For over 100 years, gravitational waves remained just a hypothesis. Now it is a fact. The discovery could open new channels of understanding our universe in myriad ways
LIGO has two identical detectors: one in Livingston and other in Hanford, Washington, USA. This is the Livingston site detector with the central building joining two 4 kilometre arms
A secret whispered 1.3 billion years ago finally reached Earth on September 14, 2015, after traversing over 100 trillion km. As the cosmic who-osh reached the intent ears of hundreds of scientists across the world, a historic discovery was made and a new page in science was turned. Gravitational waves (GWs) were transformed from a hypothesis to a fact on February 11 this year. GWs had suddenly become as real as the paper containing the equations hypothesising their existence. While the historic discovery brought us closer to our understanding of the universe, it also opened a Pandora’s box on a range of possibilities.
In 1915, Albert Einstein theorised the existence of tiny ripples in the space-time fabric of the universe due to objects accelerating in the gravitational field. But Einstein thought these waves would remain in the realm of hypotheses as the waves would be too small for humans to capture and study. For instance, the gravitational wave power radiated by Earth revolving the sun is just 200 Watts. It has taken top scientific minds more than 100 years since Einstein’s suggestion of the general theory of relativity to get an actual glimpse of the “ethereal” ripples.
All that was needed was an apparatus large enough with fine sensitivity to detect an infinitesimally small change. And that is exactly what the Advanced Laser Interfero-meter Gravitational-Wave Observatory (LIGO) near Washington is. Scientists believe the twin detectors installed at two separate locations will unlock the doors to the mysteries of the universe.
In September 2015, LIGO detected waves caused by the merging of two black holes 1.3 billion light years away. “By studying sound and seismic waves, we understand the properties of the world around us. Light and the entire range of the electromagnetic (EM) spectrum are like the second eye. By analysing the light from stars and other cosmic objects, we learn a lot about them. The GWs discovery has given us information about two initial black holes and their subsequent merger into one. Studying GWs is like getting the third eye—with this we can understand objects such as black holes and dark matter, which do not interact with the EM spectrum,” T V Venkateswaran, a scientist with Vigyan Prasar, told Down To Earth. He says the image of the universe has changed into a much more dynamic one, where stars explode and galaxies collide. The study of GWs may explain why there was a sudden enlargement of the universe, called inflation, in the wee moments of the Big Bang. “The universe may be weirder than we ever imagined,” says Venkateswaran.
What are these waves?
In 1915, Einstein shook the scientific dispensation of his time by challenging Newton’s mechanistic clockwork universe. Einstein argued that space and time are not distinct, but are woven into a single space-time fabric. Einstein claimed that gravity too, like light, was not an instantaneous force, but the curvature in the space-time fabric. Just as a charge moving in the EM field produces EM waves, GWs too are described in the form of tiny ripples or waves in the space-time fabric emanating from an accelerating body.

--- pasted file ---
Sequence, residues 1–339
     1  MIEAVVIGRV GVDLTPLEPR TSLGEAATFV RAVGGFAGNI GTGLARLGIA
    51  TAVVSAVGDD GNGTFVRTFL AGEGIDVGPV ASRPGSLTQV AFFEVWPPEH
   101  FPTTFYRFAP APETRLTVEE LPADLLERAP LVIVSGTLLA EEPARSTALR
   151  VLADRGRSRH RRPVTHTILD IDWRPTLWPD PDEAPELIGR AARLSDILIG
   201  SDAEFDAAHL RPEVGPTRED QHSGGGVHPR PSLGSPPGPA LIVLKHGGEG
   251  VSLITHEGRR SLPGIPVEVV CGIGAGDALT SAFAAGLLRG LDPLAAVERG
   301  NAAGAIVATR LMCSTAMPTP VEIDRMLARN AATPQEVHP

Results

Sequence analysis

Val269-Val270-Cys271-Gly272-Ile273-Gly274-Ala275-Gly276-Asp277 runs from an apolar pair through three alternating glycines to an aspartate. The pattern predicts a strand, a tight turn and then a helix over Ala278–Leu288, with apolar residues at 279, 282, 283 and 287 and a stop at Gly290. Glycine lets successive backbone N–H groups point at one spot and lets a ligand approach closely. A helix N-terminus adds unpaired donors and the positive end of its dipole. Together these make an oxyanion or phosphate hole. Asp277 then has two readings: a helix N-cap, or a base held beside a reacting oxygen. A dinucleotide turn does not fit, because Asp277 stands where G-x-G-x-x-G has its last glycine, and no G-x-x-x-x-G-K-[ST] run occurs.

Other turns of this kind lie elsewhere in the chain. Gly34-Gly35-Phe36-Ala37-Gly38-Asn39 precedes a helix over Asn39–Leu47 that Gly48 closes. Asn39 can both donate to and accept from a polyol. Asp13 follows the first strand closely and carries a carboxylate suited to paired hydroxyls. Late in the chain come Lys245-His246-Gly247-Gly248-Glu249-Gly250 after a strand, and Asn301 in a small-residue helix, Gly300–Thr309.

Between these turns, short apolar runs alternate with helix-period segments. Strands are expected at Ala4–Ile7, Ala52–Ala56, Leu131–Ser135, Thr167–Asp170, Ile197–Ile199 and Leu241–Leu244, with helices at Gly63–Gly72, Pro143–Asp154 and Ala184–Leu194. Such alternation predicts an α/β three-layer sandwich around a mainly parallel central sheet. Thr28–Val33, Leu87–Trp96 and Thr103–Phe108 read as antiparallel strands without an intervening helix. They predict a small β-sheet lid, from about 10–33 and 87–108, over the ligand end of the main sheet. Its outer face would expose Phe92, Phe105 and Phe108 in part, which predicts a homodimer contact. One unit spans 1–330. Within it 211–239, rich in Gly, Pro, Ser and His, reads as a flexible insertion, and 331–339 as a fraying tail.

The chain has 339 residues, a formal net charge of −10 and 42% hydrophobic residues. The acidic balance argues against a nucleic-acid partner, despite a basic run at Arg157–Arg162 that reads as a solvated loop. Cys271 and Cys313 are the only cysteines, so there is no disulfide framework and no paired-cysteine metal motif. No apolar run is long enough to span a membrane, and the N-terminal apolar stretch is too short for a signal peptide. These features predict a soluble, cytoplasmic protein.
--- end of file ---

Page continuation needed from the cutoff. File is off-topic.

Over the years, all the phenomena predicted by the general theory of relativity, with the exception of these waves, have been experimentally verified. But gravity is such a weak force and the ripples so small that these eluded detection till now. The waves are extremely tiny, just a millionth of an atom in size, but they throw up exciting possibilities in the realm of space science research and the Big Bang theory.
Says Geraint Lewis, professor of astrophysics at the University of Sydney, “Telescopes have been able to observe the universe in (an) optical light, as well as X-rays and radio waves, but GWs reveal a different side of the universe; ultraviolent events revealed by their shaping of space and time themselves.”
To understand how GWs work, consider a tiny pebble dropped in a still lake. The act would certainly cause ripples to form that would move towards the other end, but these would be too small to detect. However, if one throws a big rock, the resulting waves would be detected at the other end of the lake. An asymmetric gravitational system, like the moon and Earth orbiting each other, also produces GWs, but these are too small to detect at current capabilities. Even when massive or super massive bodies disturb the space-time fabric, creating ripples, they are incredibly faint which makes them hard to detect and measure. “The detection of GWs will allow scientists to infer the processes at work that produced the waves,” Venkateswaran adds. These waves generate a “strain”—a fractional change in the length of anything that they travel through.
Alex Nielsen, a researcher at the Max Planck Institute for Gravitational Physics (Albert Einstein Institute), Germany, says that the detection was unexpected. “Scientists had expected the first GWs detections in 2017 or even in 2019.”
So is the discovery significant? According to Nielsen, the fact that the detection happened early implies that these types of signals (merger of black holes) are more common than we expected. This may imply that heavy black holes are more common than we ever thought of, which in turn, would change our understanding of how stars are formed, particularly large ones around 100 times the mass of the sun.